From Ruth Stylus
Inside the wacky world of the Raëlians
Angel ancestors, embassies for extraterrestrials and advanced supercomputers recording all human memory and DNA: Welcome to the often strange world of the Raëlians. Now the sect, which was founded in 1974 by Claude Vorilhon, a French retired racing journalist, has thrown open its doors to the cameras for the first time, after presenter Darren McMullen travelled to Croatia to meet the Raëlians living there. But, as Glenn Carter, the man responsible for the UK’s Raëlian population reveals, there’s more to Raëlian life than alien ancestors.
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‘Being Raëlian means that I believe in the fact that all life on earth was created by the Elohim; a society who came to earth 25,000 years ago specifically to create life,’ explains Mr Carter of his beliefs.
‘We also believe that Raël [Vorilhon’s Raëlian name] is their messenger, here to tell the world of these facts and to open the people of the world’s minds to the idea that we are in fact an intentional scientific creation. ‘The main goal of Raëlians at this stage is to create an embassy in order to facilitate and welcome the return of the Elohim to Earth.’ Like Scientology, Raëlianism is considered a ‘UFO religion’ with similar theories on intelligent design and extraterrestrial life as the American sect.
Unlike the Scientologists, however, Raëlians are famous for espousing sexual freedom and scientific development, and even claimed to have produced the world’s first cloned human baby in 2002. The cult hit the news again in 2012, when they staged a ‘Go Topless’ protest in Toronto in a bid to persuade city authorities to allow women to go braless in public.
Other controversies have included their use of the swastika as a symbol of peace which, until 1991 when it was replaced by another motif, meant that the Raëlians found themselves banned from opening ‘extraterrestrial embassies’ in Israel and Lebanon.
Yet despite their frequently bizarre behaviour, Carter, who discovered the religion while browsing through some of its publications in a London bookshop, is at pains to point out that Raëlianism is a real religion – and one that deserves to be taken seriously. ‘Even in our most controversial moments, the Raëlian movement is attempting to help people and society at large, whether they believe in the Elohim or agree with us or not,’ explains Carter.
‘Our cloning campaign pushed legislators in the UK to legalise and licence stem cell therapies three to five years earlier than they were planning to do so. ‘We in the UK are now a leading light in the world in this amazing medical technology. Yet we the movement and me personally took lots of negative criticism for this.’ He’s also got strong words for those who write off Raëlianism as just another cult. ‘I personally feel that the use of terminology like “cult” in the wrong context makes the user be seen clearly as either unaware of the bigotry they echo or the bigot and a fool they are,’ he insists. ‘Both speaks volumes of them and yet says nothing of the movement or myself.’ On a day-to-day basis, Carter says his world is one that would be recognisable to most of us, with the main rite, baptism, only allowed on the four Raëlian anniversaries. One comes on the 6th August and commemorates the Hiroshima bomb, while the others include the 13th December, the day on which Vorilhon had his first alien encounter, and the first Sunday in April, which, say the Raelians, was the day Adam and Eve were created by extraterrestrials.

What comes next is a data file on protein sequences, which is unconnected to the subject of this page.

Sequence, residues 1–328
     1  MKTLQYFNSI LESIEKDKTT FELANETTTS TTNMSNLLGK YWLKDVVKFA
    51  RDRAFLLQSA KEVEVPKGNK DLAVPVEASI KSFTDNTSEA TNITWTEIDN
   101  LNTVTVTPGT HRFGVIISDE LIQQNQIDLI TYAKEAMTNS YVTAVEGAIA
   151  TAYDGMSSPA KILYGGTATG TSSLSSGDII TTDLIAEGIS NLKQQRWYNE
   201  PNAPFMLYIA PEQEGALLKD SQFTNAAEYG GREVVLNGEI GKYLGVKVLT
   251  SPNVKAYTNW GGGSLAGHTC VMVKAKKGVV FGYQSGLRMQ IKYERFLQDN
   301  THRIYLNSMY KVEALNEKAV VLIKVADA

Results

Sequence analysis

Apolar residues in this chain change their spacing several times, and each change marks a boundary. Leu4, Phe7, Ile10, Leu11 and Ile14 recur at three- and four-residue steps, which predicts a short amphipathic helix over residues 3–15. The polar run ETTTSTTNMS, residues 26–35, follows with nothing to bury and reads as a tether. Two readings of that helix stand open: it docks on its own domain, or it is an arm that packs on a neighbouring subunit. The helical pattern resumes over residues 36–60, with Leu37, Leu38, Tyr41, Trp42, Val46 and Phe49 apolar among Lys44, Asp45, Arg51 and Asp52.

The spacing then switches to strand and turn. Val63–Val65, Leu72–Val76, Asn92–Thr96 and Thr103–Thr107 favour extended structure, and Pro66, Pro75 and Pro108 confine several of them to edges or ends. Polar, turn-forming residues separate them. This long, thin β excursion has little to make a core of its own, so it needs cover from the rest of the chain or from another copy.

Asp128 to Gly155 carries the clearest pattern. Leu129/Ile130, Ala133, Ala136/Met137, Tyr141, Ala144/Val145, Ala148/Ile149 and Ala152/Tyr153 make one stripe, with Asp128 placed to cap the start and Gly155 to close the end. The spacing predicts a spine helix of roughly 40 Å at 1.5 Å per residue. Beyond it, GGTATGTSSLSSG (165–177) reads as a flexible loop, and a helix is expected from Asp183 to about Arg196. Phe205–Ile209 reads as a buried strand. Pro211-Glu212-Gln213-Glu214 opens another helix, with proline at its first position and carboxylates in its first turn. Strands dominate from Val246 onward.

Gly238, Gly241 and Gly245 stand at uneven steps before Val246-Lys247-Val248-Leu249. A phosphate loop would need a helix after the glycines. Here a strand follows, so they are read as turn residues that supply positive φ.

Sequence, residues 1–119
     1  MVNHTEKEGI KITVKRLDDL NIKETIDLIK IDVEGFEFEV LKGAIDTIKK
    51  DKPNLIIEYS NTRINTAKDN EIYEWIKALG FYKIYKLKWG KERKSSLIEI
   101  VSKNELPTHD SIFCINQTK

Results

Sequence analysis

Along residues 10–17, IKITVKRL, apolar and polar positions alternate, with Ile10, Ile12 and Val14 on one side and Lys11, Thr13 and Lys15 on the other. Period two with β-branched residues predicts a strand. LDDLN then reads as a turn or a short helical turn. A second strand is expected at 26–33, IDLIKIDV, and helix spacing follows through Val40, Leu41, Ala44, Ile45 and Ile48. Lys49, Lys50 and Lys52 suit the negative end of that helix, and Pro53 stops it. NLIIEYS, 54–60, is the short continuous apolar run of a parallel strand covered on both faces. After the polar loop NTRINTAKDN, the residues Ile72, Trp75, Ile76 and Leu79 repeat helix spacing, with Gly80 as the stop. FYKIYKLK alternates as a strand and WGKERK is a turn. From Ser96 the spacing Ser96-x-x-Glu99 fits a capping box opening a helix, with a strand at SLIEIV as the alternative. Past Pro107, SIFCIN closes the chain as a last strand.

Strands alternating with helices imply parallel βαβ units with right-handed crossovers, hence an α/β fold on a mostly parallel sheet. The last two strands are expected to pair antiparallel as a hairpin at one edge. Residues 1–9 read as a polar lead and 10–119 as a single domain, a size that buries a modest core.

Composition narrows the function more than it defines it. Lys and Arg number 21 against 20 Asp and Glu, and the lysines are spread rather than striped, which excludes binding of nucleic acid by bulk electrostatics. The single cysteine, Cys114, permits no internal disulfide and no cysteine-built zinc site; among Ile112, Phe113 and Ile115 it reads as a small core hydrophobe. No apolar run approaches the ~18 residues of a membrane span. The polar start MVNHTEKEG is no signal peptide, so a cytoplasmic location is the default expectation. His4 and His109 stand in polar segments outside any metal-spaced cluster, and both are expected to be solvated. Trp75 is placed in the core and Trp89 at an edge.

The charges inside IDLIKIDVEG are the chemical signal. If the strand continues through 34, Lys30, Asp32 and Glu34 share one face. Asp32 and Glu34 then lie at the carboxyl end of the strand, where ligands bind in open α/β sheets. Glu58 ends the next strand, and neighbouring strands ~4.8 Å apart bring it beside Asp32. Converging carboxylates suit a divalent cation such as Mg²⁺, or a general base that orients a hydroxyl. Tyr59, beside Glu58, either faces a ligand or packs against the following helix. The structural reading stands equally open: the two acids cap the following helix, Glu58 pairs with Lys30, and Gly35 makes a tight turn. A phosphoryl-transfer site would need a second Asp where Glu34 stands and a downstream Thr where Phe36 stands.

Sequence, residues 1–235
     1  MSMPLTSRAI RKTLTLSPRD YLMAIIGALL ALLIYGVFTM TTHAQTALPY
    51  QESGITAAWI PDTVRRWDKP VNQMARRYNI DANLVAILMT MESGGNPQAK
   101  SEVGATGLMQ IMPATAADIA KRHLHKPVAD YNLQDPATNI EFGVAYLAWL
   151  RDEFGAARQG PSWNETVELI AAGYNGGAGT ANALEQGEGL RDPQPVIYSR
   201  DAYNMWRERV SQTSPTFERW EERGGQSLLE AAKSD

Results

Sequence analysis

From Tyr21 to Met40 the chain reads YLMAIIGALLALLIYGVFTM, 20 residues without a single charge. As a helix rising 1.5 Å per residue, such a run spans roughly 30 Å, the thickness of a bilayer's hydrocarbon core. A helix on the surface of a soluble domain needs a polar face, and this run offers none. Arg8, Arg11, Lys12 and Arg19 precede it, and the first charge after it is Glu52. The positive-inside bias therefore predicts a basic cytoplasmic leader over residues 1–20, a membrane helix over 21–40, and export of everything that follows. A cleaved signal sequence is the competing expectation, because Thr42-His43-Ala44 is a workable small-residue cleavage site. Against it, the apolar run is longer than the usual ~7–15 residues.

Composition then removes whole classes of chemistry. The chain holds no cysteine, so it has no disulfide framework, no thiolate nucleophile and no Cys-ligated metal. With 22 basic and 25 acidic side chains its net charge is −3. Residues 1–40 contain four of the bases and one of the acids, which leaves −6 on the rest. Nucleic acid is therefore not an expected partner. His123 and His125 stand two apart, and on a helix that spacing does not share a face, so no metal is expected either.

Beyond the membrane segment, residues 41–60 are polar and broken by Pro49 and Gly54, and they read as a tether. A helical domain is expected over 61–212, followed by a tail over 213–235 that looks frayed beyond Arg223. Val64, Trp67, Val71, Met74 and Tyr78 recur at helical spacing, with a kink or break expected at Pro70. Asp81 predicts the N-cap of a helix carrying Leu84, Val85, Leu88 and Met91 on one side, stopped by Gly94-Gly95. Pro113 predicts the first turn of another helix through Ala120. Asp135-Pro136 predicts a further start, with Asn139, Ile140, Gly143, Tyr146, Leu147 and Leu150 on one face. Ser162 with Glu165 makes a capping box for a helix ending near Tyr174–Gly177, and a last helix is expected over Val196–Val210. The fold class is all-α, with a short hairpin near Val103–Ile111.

The final date is the 7th of October, the date on which, in 1975, Vorilhon claims he was taken for a ride in a spacecraft by the Elohim. Other key beliefs include world peace and a coming judgement day when the Elohim, who record every human memory and DNA on an advanced supercomputer, will return to Earth and resurrect those who have already died using cloning.
In preparation for that day, the Raëlians are in the process of creating an extraterrestrial embassy, which they hope to build in Jerusalem, to welcome the Elohim back to Earth. Among those looking forward to the big day is Carter. ‘I will welcome Elohim with respect, just as one would welcome your long-departed parents back home,’ he enthuses. ‘Why would I do this?,’ he adds. ‘Because they created a wonderful place for me to inhabit and are the reason I and all of us exist.’
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